It seems that the ICD-10 implementation has not had a very negative effect on the ICD-10 claim denial rate, which hasn’t risen much since the October 1 deadline. For example, RelayHealth Financial, a revenue cycle management solutions provider, announced in a press release data on their ICD-10 claim denial rate between October 1, 2015 and February 15, 2016.
The report includes information on more than 262 million claims that were processed during the four and a half month period. The organization found that only 1.6 percent of ICD-10 claims were denied out of all processed through the revenue cycle management tools. A total of 630,000 healthcare providers and 2,400 hospitals have used RelayHealth Financial tools and positioned $810 billion in claims through these revenue cycle management solutions.
The 1.6 percent ICD-10 claim denial rate has not differed significantly since November, the company reports. About $12.9 billion in medical claims has been denied since the ICD-10 implementation deadline of October 1, 2015.
“The good news is that we’re not seeing a marked increase in claim denial rates, and there is heightened interest in denial management and prevention,” Marcy Tatsch, Vice President and General Manager of Reimbursement Solutions for RelayHealth Financial, said in a public statement.
“The bad news is that as many as 1 in 5 claims is still denied or delayed–which can mean a dip of as much as 3 percent in a hospital or health system’s revenue stream. While it’s important to keep monitoring those KPIs that are monitored on RelayHealth Financial’s Denials Dashboard, healthcare providers should now ramp up their broader denial prevention and management efforts.”
RelayHealth is now offering an online website to help healthcare providers better understand, prevent claim denials, and reduce their ICD-10 claim denial rate. To visit the website, click here. This online resource has white papers, case studies, and a webinar outlining some essential advice for best practices at preventing ICD-10 claim denials.
Nonetheless, the ICD-10 claim denial rate is low and seems to be at a minimum among most hospitals and healthcare providers. Last week, the Centers for Medicare & Medicaid Services (CMS) even declared that their ICD-10 claim denial rate was only 0.07 percent in the fourth quarter of 2015. There were also 0.07 percent of ICD-9 claims rejected at the end of 2015.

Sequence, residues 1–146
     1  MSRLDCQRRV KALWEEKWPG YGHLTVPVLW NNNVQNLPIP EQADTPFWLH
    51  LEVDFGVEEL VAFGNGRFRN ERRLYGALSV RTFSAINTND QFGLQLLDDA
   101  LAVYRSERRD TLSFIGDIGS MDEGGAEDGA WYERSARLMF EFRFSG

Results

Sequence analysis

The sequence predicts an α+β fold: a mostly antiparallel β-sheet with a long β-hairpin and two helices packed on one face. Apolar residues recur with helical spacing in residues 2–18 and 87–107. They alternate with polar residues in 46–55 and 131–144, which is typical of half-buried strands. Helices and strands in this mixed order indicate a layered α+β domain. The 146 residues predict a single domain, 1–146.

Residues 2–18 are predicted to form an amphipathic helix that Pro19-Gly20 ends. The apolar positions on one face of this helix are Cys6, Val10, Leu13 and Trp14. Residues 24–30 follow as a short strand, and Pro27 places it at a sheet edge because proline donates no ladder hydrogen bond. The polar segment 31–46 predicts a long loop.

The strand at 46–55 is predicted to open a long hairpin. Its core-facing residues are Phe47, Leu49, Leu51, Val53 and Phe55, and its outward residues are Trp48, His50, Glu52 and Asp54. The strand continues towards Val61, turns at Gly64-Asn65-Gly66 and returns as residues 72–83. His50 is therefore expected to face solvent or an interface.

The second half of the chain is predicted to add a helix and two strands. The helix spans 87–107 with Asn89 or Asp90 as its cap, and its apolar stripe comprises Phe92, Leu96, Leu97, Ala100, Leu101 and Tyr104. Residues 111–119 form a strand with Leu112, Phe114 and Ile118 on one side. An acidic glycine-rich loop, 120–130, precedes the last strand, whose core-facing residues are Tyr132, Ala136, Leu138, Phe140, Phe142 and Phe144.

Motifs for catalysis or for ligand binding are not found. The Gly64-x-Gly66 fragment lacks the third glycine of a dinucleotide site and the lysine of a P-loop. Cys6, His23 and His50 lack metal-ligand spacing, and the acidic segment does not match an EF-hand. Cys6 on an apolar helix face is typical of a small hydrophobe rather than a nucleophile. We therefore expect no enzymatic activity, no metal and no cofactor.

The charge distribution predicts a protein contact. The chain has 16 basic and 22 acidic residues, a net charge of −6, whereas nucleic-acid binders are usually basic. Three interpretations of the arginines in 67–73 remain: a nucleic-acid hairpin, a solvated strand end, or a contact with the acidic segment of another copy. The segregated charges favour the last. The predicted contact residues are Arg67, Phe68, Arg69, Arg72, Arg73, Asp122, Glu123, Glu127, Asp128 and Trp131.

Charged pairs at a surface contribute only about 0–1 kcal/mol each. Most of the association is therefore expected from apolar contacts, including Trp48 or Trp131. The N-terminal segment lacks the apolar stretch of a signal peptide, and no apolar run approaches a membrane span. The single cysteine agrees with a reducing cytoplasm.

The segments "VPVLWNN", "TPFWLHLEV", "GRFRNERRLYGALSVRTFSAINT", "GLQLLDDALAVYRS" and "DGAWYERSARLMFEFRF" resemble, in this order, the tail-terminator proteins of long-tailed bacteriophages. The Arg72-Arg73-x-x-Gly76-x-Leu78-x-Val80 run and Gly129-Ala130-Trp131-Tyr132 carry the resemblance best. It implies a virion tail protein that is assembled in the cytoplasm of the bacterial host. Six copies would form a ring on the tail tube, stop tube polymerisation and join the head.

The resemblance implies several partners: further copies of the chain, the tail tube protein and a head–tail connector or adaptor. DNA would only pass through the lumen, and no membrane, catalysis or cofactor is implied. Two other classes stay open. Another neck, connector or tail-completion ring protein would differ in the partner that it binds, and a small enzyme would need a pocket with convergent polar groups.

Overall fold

One survey from Porter Research and Navicure showed that, after the October 1 ICD-10 implementation deadline, 60 percent of survey takers didn’t seen any impact on their monthly revenue while for one-third of those polled, monthly revenue did decline by up to 20 percent. For 2015’s fourth quarter, CMS did deny 9.9 percent of total claims submitted.
Many hospitals and medical providers were concerned after the October 1 deadline that they may suffer from revenue loss due to claim denials by CMS and other health payers. However, the results seem to show that most were prepared for the new diagnostic coding set.
CMS also stepped forward in helping solve the many issues that cropped up after the ICD-10 implementation deadline took effect. This led to fewer claim denials and problems related to claims processing than once projected.
CMS Acting Administrator Andy Slavitt explained that the transition to the ICD-10 diagnostic coding set was similar to Y2K, as it could create serious problems for the healthcare industry if not implemented correctly. The ICD-10 coding set could have led to disastrous results for the revenue of hospitals and clinics if these organizations were not adequately prepared.
“For people in the health care industry, it was being compared to Y2K, a transition with the potential to create chaos in the health care system,” Slavitt wrote in the CMS blog.
“One representative from the physician community told me that he was concerned that half of physicians in the country wouldn’t be ready by the October 1 date. The thought of physicians in small, rural practices unable to run their practices had my complete attention. It also brought home that we are responsible for more and increasingly complex implementations – from HealthCare.gov to ICD-10 to new physician payment systems.”
While many feared that rural clinics and smaller medical practices wouldn’t fare well under the ICD-10 implementation, CMS has been responsible for helping providers get through some complex transitions such as the Affordable Care Act’s health insurance exchanges.
There are four specific elements that CMS utilized when it comes to transitioning to the new ICD-10 coding set. These include a greater focus on the consumer, collaborating more among stakeholders and the healthcare community, responding quickly and effectively to ICD-10 challenges or issues, and using metrics to keep claim processing and denial rates in check.
“With preparation, planning, a focus on the customer, collaboration, clear accountability, and metrics, the dire Y2K fears didn’t come to pass. Instead, ICD-10 became like what actually occurred on Y2K,” Slavitt explained in the article.
Now that the ICD-10 implementation deadline has passed and revenue seems to remain stable among most healthcare providers, the next focus of hospital executives is to remain dedicated to value-based care payments and bundled payment models. Many are looking at workflows and patient care improvements that could lead to greater reimbursement.
The future will show where the healthcare industry will move with regard to improving patient care and health outcomes while working to reduce wasteful spending and increase revenue.
Image Credits: RelayHealth Financial